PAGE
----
Ease The Medic - Ease The Medic
Record Label - We Want Action
Release Date - February 7, 2012
Ease The Medic is a band that seems to be defined less by its influences and more by their execution of combining bits and pieces of things and making something both cohesive and engaging. While you might be able to pull a number of bands in a sound flanked many a time by fits of meticulous melodies and the occasional off-shoot rhythmic tangent, this self-titled album is surely a bit more of a grower than an immediate grab for your attention. In any case, the eight tracks of Ease The Medic repay you for your time with more than a handful of memorable cuts – hitting the mark in spurts during a journey as weaving through sonic output as it is in its execution.
I only say that because in the first time I listened to Ease The Medic, it was a bit difficult to grasp an overall way to think of this record. This lends itself more to the shifting ideas presented only three tracks in, but the mood of this record and its portrayal is easier to pinpoint as the record moves on. While opener “Antarctic Stare” seeps with off-kilter melodies in the form of massive guitars, “For Mother Russia” is a mostly stripped down number in comparison, showing little sonically in common with the former save for the guitar-slathered ending. But on its heels, “Gimmie, Gimmie, Gimmie Shelter” sounds much more in tune with Russia, sticking to a calculated, yet more much engaged articulation of guitar melodies instead of the barrage of chordage heard earlier. In an attack akin to perhaps a less jam-orientated Minus The Bear (“Indian Style”), the more than welcome application of whirring guitar lines and often spotlighted drumming make for this realm of Ease The Medic to be executed respectably – often finding a way to channel their influences without mimicking them to death.
But in the backend of this eight track collection, the band toys with their approach to the formula. “Engine Brake” is about as uptempo as we’ll hear this band, lingering in post-hardcore territory with an edge of lush guitars feathered with just enough distortion to make this ender stand out from the rest. The dismal middle section of the track is a revisit of sorts, pairing drawn out chords to slower drums for a bit of a breather in the proceedings. Backing up a track though, “Hansel and Greta Van” is the introduction to this grittier by comparison sound, with this number also tinged by many of the same sonic approaches of the closer. This track features arguably the strongest chorus of the bunch though, with strong vocals, interesting guitar licks and a wonderful melodic structure to boot.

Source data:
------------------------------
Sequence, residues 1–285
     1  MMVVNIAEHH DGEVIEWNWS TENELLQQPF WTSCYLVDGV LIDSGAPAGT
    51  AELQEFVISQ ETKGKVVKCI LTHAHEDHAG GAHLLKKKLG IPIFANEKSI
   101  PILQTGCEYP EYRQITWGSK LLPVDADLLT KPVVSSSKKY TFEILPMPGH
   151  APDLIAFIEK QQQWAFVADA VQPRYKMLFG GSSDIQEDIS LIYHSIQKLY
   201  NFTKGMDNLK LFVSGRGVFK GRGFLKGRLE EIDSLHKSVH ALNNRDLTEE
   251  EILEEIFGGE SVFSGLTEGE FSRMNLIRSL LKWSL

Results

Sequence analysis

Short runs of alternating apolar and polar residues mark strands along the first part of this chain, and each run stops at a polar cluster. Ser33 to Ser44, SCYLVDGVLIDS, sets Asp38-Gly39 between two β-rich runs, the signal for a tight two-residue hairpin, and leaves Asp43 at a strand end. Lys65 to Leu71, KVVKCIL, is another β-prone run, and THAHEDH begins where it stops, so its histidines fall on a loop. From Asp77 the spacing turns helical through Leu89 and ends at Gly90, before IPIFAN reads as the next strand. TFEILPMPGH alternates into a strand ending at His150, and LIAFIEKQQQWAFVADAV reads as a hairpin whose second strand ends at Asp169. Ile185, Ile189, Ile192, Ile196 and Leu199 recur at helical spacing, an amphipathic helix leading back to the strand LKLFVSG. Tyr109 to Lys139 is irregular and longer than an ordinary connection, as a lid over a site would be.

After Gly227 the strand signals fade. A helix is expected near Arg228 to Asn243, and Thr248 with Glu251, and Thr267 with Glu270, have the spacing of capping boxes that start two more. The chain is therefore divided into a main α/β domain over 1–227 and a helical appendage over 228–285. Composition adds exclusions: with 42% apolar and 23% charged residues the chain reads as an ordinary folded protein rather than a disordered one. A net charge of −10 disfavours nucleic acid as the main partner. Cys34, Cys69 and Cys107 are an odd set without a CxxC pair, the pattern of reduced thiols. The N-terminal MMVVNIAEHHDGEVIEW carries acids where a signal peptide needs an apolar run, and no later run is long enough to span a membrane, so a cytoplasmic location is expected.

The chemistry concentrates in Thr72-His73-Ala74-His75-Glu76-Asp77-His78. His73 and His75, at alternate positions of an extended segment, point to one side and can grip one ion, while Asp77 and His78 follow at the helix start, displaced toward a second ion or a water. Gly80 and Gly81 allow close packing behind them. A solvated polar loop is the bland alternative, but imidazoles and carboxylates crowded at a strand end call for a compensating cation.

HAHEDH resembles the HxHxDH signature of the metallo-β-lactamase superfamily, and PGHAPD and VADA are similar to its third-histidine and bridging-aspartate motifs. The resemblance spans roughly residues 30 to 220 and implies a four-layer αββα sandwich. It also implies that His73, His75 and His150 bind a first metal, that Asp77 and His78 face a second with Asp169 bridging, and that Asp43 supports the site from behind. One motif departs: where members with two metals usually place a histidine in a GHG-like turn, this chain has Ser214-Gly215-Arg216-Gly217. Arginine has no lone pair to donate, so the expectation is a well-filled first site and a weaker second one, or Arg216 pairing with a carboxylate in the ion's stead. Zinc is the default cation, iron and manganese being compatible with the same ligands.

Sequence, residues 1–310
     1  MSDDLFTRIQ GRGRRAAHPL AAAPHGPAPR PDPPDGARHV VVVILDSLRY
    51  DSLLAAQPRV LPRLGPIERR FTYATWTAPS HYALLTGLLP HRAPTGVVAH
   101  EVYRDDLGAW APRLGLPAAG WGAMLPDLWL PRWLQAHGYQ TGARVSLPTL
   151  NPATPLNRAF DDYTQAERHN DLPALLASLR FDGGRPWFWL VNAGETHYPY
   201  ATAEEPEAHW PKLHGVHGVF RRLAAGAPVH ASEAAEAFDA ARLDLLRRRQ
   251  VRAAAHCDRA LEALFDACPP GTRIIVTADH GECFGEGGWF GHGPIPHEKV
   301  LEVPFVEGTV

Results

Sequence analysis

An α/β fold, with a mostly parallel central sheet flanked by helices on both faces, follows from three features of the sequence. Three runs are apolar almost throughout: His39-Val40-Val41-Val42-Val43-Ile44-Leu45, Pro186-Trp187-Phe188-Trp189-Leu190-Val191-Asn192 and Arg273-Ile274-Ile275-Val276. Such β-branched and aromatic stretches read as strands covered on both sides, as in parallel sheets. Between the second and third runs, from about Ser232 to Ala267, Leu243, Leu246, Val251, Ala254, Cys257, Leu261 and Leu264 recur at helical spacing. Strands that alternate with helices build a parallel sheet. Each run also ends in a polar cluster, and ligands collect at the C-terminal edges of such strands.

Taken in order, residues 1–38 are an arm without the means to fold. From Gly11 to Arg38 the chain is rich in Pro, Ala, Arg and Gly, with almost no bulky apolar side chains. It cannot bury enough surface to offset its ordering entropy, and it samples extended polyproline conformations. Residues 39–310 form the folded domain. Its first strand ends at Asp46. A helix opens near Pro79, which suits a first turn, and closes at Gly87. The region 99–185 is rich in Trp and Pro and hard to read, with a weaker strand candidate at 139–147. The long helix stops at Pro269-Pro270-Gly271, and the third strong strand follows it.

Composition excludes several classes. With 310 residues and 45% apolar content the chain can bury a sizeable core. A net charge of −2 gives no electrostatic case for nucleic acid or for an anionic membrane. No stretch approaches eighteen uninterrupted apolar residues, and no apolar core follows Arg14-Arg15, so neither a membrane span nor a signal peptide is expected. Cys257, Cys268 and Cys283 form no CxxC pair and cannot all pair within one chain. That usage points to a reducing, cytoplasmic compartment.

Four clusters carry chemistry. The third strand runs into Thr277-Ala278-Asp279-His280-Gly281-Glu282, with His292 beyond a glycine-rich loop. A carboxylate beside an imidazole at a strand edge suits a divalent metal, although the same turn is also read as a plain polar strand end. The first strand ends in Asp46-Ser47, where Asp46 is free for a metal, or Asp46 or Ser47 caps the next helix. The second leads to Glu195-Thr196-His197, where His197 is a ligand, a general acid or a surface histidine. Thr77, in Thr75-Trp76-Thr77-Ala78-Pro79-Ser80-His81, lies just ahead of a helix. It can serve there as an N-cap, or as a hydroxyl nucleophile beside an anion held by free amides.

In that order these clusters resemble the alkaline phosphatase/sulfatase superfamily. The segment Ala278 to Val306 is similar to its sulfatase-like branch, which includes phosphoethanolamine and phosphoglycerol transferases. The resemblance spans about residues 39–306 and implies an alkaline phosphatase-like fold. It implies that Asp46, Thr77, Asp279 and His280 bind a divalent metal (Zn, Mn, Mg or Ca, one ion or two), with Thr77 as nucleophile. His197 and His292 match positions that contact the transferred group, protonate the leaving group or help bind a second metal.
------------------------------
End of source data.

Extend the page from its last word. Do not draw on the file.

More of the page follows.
The vocal approach of having three people adding a voice to this record makes for a mildly varying experience as well. On one side, it gives us plenty to hear from that department, whether it be the mid-range holds in the chorus of “Hansel and Greta Van” or the slightly droning melodies of “Antarctic Stare”. For the most part, whatever they are doing fits well enough, but very few times do these vocals stand out past the instrumentation behind it. The thing is, when these guys give the vocals a little bit more of a chance to shine (“Hansel and Greta Van”) as opposed to them sounding borderline flat, the entire vibe of the song is accentuated where stronger vocal lines might help a number of these tracks out in both memorability and first-impression attraction.
While immediate cohesiveness and impact might not be the forte of Ease The Medic, a repeated indulging will yield more to the ears than the off-putting sequencing or slightly psyched out sonic contributions of the first few tracks. Certainly not bad on their own, the core sound of this band lies later in the record, kicking into high gear a balance of crisp guitars that move with purpose and are on the cusp of infectiousness. Though there are some flaws to it, it is better to have not quite realized your potential than to have hit a wall and be unable to figure out what to do next – something Ease The Medic can take to heart for the next time they take to penning tracks.
This review is a user submitted review from Jason Gardner. You can see all of Jason Gardner's submitted reviews here.